The behavior of Cdc42p suggests that there are important physiological and/or regulatory differences between the ZCF and the shmoo tip. Fus2p/Rvs161p localization to the shmoo tip also differs in its requirements relative to the ZCF. First, mutations affecting polarization (spa2, bni1) have a major effect on shmoo-tip localization but only a minor effect on ZCF localization (Paterson et al., 2008). Second, although the C terminus of Fus2p is essential for shmoo-tip localization, a truncated protein, Fus2p1–650, localizes to the ZCF with almost WT morphology and efficiency (Fig. S2). Thus localization of Fus2p/Rvs161p to the shmoo-tip cortex requires additional interactions. These observations indicate that the shmoo tip is a poor proxy for the ZCF and suggests that Fus2p/Rvs161p localized at the shmoo tip is not competent for recruiting Cdc42p.
Cdc42p localizes to flat interfaces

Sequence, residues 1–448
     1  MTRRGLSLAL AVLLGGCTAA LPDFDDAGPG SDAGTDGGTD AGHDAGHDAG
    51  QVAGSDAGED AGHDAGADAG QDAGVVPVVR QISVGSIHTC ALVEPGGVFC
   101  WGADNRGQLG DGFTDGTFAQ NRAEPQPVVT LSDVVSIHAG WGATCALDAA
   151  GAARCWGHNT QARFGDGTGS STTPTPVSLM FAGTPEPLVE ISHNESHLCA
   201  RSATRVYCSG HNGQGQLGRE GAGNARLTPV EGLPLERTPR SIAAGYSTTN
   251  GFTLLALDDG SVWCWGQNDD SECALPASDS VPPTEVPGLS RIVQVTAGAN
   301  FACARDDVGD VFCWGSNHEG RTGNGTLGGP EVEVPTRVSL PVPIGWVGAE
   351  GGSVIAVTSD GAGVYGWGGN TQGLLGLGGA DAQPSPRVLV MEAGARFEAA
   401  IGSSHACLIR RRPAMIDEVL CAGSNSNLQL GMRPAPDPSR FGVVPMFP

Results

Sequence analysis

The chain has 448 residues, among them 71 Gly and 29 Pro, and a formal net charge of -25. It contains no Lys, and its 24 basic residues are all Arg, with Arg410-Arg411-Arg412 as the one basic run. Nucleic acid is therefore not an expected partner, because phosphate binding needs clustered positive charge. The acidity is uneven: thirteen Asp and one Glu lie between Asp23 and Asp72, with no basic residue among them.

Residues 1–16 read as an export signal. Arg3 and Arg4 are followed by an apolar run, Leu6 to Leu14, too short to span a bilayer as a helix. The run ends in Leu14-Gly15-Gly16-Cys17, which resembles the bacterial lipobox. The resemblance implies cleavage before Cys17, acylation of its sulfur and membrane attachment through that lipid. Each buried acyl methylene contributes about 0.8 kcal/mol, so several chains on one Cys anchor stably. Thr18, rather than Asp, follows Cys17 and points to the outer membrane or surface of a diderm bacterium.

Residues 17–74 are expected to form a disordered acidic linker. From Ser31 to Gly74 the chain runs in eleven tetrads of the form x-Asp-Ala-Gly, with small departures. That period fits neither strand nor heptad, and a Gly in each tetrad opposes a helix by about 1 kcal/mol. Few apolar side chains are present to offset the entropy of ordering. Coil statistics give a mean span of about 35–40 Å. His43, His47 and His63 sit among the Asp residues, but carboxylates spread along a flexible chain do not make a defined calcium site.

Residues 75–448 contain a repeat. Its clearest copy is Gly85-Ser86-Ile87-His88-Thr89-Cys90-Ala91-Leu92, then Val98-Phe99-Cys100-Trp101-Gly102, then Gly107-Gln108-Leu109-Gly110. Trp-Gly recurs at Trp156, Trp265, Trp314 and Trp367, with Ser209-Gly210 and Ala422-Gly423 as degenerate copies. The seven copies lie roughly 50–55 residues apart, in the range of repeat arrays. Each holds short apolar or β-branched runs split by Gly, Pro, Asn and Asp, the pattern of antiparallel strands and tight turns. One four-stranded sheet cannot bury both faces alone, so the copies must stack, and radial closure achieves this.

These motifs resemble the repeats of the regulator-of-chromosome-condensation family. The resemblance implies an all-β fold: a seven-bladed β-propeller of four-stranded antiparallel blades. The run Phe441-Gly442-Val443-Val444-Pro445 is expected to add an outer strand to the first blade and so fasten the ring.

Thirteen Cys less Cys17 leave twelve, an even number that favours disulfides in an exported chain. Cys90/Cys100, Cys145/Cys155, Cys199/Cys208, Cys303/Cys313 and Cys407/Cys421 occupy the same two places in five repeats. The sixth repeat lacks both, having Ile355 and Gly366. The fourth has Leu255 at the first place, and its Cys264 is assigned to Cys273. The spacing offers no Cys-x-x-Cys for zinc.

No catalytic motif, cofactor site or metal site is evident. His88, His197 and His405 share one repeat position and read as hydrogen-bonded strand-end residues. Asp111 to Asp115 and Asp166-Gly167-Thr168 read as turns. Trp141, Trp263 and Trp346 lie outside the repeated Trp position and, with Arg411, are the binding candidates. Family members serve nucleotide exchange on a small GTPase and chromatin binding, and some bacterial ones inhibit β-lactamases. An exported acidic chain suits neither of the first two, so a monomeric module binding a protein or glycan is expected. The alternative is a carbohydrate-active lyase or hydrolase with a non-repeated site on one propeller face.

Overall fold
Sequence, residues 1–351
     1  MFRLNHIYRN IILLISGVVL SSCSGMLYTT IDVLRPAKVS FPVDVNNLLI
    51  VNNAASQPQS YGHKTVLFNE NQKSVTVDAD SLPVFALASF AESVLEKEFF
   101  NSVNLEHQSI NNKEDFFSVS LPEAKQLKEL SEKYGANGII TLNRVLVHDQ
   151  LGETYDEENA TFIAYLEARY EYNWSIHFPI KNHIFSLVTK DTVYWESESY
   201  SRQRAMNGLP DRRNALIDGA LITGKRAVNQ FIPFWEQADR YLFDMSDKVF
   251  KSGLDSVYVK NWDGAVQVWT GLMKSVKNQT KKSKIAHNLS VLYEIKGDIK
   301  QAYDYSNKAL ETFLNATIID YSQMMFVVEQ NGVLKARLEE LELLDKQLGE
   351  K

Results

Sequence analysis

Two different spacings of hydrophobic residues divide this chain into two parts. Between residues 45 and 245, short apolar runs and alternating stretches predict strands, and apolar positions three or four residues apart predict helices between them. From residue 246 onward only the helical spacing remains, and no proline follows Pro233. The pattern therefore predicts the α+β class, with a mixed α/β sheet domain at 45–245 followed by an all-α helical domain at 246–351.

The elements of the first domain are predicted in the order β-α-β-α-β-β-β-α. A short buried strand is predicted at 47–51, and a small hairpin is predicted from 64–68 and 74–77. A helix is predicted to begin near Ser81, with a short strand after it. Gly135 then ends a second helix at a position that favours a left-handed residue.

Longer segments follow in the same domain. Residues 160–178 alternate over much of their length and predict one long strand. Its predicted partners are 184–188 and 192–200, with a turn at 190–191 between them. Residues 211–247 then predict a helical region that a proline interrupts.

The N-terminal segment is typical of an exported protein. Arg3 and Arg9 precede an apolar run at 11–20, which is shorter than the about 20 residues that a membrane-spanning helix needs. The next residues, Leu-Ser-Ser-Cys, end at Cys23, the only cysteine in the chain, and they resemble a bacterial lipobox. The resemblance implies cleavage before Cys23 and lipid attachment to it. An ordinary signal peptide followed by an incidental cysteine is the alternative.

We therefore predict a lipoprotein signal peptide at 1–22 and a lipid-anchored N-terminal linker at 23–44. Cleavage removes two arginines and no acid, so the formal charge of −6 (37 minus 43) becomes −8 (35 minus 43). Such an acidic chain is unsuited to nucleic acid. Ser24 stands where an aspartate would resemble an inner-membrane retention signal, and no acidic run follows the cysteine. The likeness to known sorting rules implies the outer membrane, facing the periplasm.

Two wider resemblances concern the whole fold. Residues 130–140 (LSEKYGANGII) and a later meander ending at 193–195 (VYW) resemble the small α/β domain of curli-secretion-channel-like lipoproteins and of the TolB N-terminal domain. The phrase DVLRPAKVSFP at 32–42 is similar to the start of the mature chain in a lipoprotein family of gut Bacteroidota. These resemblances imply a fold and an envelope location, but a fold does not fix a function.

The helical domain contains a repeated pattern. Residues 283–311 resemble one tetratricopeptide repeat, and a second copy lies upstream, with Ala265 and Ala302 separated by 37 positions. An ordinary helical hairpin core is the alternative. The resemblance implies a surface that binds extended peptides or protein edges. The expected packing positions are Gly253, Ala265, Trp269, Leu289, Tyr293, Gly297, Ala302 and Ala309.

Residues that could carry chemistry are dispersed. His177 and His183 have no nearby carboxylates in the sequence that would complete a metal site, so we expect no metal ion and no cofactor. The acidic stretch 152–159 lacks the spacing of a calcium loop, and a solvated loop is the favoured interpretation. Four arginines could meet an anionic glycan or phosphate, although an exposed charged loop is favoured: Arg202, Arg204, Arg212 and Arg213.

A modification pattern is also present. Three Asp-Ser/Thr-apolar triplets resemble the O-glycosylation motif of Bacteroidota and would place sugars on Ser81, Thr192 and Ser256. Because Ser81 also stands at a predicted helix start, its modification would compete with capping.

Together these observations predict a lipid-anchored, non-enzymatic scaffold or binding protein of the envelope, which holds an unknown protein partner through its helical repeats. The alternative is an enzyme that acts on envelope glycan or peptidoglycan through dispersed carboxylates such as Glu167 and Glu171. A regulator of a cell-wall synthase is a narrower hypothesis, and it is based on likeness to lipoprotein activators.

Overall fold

Given that Fus1p and Fus2p are both expressed and localized to the shmoo tip, but are not required for Cdc42p localization in shmoos, the question arises as to what is different in prezygotes that leads to focus formation at the ZCF. Although there are several possibilities, we note that one prominent difference between the shmoo tip and the ZCF is the curvature of the plasma membrane. As cells polarize toward each other and shmoo, an area of strong positive curvature is formed (Fig. 4 A). However, after cells come into contact and grow together, the cell walls and plasma membranes flatten, reducing the previous positive curvature at the shmoo tip to zero (Fig. 4 A). Given that the BAR-domain proteins, which include Fus2p/Rvs161p, are known to recognize membrane curvature (Rao and Haucke, 2011), we hypothesized that the change in curvature may comprise a key signal for Cdc42p focus formation. To test this hypothesis, we sought to identify conditions in which the ZCF in prezygotes would have positive, negative, or zero curvature.